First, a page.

This approach is typically limited to long lived, core business critical applications because, while it helps reduce business risks, it’s more costly than hosting applications with a single vendor.
What is it?
A multicloud approach implies a level of portability for a single application across two or more cloud providers.
This may be an appropriate approach when you have business-critical applications where you cannot afford any downtime or loss of control, for instance, a foreign currency exchange.
There is a cost associated with multicloud, as some additional investment is likely to be needed to make your applications portable. Whether that cost is worth it will depend on your risk position for any given application.
What’s in for you?
Multicloud enables you to reduce your risks.
If you have business-critical applications that cannot afford downtime, multicloud can reduce the risk of service interruptions by enabling you to failover to another provider.
By using multiple providers, you also reduce the risks associated with lock in.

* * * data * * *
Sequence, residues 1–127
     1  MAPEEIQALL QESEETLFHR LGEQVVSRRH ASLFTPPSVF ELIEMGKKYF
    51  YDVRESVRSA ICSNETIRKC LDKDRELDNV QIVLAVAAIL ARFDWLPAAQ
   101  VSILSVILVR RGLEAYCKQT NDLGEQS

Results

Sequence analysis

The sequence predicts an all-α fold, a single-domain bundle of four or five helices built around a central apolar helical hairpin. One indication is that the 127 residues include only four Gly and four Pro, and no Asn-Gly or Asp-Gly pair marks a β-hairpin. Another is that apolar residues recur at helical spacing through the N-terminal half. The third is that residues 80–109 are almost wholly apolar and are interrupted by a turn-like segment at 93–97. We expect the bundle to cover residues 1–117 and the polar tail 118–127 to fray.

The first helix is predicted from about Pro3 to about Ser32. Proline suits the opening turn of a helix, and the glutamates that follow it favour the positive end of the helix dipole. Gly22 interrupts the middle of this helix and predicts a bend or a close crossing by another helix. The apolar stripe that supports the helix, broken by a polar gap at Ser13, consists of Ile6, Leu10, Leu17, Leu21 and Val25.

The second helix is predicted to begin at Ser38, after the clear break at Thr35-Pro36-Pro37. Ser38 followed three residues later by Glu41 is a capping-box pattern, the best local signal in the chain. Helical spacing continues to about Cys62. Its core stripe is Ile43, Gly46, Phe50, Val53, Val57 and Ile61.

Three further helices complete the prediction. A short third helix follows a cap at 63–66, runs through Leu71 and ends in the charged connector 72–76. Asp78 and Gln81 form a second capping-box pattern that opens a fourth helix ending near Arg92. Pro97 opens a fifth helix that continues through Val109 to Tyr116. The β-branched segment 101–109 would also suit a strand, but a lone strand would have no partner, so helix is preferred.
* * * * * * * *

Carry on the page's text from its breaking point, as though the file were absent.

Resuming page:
You may also be able to reduce latency for your applications, through the use of regional cloud providers which are closer to your users.
What are the trade offs?
Multicloud is an expensive option. For many applications, it may not be worth it.
You will have to do some work to make your applications portable between cloud providers.
How is it being used?
Multicloud is used by enterprises that cannot afford downtime for particular applications or who want to maintain some commercial independence from their cloud provider. You might also adopt multicloud for compliance — for instance, the EU’s GDPR regulations require organizations to hold customer data in certain locations.